At a May 2012 anti-African rally in Tel Aviv, on a stage before more than 1,000 riled up demonstrators, Knesset member and former Israeli army spokesperson Miri Regev proclaimed, "The Sudanese are a cancer in our body!" Incited into a violent frenzy, hundreds of protesters then rampaged through south Tel Aviv, smashing the windows of African businesses and attacking any migrant they could find. "The people want the Africans to be burned!" they chanted.
As during other dark moments in history, eliminationist cries booming from an urban mob against a class of outcasts signaled a coming campaign of ethnic purification. And following the night of shattered glass, the cells of Saharonim continued to fill up.
Just as Western media consumers will find details about the Prawer Plan and the Saharonim camp hard to come by, casual visitors to the Negev Desert will find little evidence of the state's more disturbing endeavors. Instead, highway signs will direct them to a little museum at Sde Boker, the humble kibbutz that Israel's first prime minister, David Ben Gurion, called home.
In Ben Gurion's memoirs, he fantasized about evacuating Tel Aviv and settling five million Jews in small outposts across the Negev, where they would be weaned off the rootless cosmopolitanism they inherited from diaspora life. Just as he resented the worldly attitude of Jews from Tel Aviv and New York City, Ben Gurion was repelled by the sight of the open desert, describing it as a "criminal waste" and "occupied territory." Indeed, from his standpoint, the Arabs were the occupiers. As early as 1937, he had plans for their removal, writing in a letter to his son Amos, "We must expel Arabs and take their places."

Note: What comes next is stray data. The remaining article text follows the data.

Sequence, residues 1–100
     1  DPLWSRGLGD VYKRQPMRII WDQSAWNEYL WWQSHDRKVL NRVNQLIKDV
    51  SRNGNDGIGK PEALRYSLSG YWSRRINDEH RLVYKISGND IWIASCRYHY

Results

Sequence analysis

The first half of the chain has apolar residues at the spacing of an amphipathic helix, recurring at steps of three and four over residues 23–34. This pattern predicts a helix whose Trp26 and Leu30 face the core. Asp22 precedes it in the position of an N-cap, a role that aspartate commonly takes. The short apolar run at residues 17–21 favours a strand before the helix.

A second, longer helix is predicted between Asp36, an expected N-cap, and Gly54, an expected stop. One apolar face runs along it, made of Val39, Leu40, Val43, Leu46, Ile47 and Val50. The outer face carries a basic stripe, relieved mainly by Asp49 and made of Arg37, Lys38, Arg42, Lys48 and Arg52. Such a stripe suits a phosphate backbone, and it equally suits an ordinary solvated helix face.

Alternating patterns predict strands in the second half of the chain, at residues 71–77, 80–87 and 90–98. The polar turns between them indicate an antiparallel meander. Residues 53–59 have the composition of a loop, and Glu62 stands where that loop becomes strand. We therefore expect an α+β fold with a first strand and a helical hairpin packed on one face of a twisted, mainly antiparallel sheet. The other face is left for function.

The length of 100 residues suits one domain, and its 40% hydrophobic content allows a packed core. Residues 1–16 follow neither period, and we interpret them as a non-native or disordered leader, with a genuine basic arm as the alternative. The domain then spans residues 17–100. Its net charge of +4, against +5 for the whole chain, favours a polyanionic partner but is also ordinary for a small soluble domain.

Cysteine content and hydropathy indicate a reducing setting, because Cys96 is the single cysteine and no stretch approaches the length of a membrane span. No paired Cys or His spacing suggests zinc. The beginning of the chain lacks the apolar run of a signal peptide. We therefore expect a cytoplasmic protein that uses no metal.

Ben Gurion's house is an austere-looking, single-story structure, sparsely furnished and poorly lit. The separate, spartan bedrooms he and his wife slept in are impeccably preserved, as though they might return home at any time. Nearby is a compact, somewhat shabby museum commemorating his legacy in a series of exhibits that do not appear to have been updated for at least a decade.
The site is a crumbling remnant of a bygone era that the country has left in the dust. The enlightened public of Israel's coastal center has turned its back on the desert, preferring instead to face toward the urbane capitals of Europe, while the rest of the country draws increasing energy from the religious nationalist fervor emanating from the hilltops of the occupied West Bank. In the Negev, perhaps all that endures of Ben Gurion's legacy is the continuous expulsion of the Bedouins.
On a gravelly path leading towards his home, a series of plaques highlight tidbits of wisdom from that Israeli founding father. One quote stands out from the others. Engraved on a narrow slab of granite, it reads, "The State of Israel, to exist, must go south."
Max Blumenthal is an award-winning journalist whose work has appeared in the New York Times, the Los Angeles Times, the Daily Beast, the Nation, the Huffington Post, the Independent Film Channel, Salon.com, Al Jazeera English, and other publications. He is the author of the bestselling book Republican Gomorrah. His new book, just published, is Goliath: Life and Loathing in Greater Israel (Nation Books)